The reproductive system of both males and females are specialized in function and that they only work with the specific gender they are given to. While the female reproductive system is more complex as it houses the environment a fertilized egg will grow into, the male reproductive system is in no way a simple one as well. Perhaps, the most visible difference of the male reproductive system to that of the females is that the male have an external protruding structure. This external structure is situated outside of the body and consists of the penis, the testicles, and the scrotum. Read more…
Earlier this month, on the Canadian legal news website Slaw.ca, University of Western Ontario law student Omar Ha-Redeye made a really interesting prediction: one area of the law that's sure to see growth in the future is something he calls "reputation management," and physicians are perhaps chief among the clientele that's likely to demand that service.
Mr. Ha-Redeye uses as a jumping off point for his argument my recent article in Parkhurst Exchange about an Alberta urologist named Mohamed Foda who this year became the first physician anywhere (as far as I can tell) to force RateMDs.com to disclose the names of anonymous reviewers.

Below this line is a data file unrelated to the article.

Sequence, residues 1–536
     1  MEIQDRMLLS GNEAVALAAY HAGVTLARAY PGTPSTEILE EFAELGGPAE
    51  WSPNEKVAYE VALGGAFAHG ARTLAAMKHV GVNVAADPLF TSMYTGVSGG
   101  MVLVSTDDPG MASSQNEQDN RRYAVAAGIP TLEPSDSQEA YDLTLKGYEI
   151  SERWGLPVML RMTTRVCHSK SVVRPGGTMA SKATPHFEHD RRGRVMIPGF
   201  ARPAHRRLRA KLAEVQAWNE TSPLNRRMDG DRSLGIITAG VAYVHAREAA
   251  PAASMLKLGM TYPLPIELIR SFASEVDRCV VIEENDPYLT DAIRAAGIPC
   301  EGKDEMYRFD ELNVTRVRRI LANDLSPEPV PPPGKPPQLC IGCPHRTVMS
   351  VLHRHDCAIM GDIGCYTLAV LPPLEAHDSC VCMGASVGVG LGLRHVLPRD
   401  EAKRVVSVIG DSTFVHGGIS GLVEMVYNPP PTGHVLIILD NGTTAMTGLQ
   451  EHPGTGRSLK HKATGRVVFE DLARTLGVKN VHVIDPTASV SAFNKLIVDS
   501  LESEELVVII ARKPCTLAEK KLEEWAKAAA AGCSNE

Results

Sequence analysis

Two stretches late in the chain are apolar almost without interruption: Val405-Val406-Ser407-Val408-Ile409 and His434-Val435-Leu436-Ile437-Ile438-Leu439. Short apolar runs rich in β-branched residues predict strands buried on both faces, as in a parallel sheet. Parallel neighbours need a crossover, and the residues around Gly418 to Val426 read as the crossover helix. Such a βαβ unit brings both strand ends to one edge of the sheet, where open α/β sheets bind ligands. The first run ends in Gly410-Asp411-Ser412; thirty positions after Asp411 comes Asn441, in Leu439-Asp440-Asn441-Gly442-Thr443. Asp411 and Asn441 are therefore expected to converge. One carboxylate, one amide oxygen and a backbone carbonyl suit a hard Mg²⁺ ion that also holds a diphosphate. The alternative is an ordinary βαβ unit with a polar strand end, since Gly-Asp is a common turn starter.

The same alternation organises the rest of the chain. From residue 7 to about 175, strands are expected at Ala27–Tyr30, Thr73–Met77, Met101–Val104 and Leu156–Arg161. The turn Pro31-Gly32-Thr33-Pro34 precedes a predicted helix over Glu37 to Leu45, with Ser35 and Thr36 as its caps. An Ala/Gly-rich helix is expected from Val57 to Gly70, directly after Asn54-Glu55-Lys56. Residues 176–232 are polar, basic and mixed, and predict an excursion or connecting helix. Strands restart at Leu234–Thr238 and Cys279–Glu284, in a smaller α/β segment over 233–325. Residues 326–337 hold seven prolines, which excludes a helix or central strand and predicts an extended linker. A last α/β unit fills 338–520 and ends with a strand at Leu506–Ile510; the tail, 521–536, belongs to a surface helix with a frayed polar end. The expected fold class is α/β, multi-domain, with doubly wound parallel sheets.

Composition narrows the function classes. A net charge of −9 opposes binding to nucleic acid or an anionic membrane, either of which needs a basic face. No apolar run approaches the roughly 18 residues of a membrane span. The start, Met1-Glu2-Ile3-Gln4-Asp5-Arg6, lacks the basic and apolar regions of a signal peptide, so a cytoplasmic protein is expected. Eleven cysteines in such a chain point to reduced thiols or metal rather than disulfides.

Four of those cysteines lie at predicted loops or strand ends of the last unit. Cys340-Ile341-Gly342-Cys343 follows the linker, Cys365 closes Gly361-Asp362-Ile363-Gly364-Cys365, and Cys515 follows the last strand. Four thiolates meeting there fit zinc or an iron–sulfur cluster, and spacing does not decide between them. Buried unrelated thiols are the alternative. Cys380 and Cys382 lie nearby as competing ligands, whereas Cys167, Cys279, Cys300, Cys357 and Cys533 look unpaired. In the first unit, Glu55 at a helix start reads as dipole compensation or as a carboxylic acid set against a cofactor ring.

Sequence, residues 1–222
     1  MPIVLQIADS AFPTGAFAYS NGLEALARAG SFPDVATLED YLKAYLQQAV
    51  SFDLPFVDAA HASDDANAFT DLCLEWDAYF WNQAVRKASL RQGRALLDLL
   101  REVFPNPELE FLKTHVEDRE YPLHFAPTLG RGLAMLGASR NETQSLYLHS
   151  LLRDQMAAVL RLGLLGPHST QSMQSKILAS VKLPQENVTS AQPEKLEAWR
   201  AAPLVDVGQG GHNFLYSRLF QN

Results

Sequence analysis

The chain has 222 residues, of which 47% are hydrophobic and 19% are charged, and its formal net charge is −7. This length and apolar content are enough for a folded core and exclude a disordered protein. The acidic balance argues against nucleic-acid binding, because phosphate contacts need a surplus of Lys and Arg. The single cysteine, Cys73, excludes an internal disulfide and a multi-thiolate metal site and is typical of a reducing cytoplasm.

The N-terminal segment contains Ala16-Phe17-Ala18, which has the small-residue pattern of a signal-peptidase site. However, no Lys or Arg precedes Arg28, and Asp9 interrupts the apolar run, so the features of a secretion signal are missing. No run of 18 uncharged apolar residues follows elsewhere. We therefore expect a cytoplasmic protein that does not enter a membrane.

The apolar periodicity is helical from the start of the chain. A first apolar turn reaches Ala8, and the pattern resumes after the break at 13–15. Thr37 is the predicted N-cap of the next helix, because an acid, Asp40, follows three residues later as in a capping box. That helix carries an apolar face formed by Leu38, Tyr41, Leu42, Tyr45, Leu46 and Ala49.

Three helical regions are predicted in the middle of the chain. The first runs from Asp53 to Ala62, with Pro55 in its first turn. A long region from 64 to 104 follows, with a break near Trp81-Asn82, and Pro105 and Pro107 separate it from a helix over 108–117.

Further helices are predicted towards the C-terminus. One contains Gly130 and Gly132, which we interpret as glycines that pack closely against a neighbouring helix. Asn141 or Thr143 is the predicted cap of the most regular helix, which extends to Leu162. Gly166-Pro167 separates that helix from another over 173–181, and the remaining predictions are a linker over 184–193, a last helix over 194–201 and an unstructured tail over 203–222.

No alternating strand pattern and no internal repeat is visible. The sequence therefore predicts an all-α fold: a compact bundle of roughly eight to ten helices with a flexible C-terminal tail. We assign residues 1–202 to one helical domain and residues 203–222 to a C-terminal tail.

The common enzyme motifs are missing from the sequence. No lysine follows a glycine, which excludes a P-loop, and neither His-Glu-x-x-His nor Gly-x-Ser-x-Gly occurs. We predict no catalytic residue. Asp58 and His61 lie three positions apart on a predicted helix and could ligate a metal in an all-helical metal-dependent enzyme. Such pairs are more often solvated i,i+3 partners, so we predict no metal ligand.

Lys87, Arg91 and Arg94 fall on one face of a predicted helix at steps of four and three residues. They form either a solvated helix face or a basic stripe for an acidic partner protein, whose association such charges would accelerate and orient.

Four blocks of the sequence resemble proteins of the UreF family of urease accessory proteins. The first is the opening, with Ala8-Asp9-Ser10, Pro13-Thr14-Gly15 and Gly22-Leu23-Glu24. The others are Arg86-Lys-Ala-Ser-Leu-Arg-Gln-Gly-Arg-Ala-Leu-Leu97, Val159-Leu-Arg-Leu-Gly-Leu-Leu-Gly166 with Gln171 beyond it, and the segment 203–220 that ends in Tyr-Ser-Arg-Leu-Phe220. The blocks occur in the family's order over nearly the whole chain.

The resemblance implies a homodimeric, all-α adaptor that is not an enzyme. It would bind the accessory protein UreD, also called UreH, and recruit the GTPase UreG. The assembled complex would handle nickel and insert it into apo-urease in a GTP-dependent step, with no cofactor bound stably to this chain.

The Foda case against RateMDs is tied in with another suit he is involved in in Edmonton and it all gets very complex very quickly, but the long and short of it is that Mr. Ha-Redeye seems to see Dr Foda's successful efforts to fight back against anonymous online libel as one of the first of a forthcoming trend of "reputation management" lawsuits.
What do you think? Are we going to see the development of a new field of reputation management law? Should the Canadian Medical Protective Association be in the business of not only protecting physicians from malpractice suits, as they do now, but also protecting their reputations?
Posted by David Elkins and others at 12:00 AM
Labels: law, RateMDs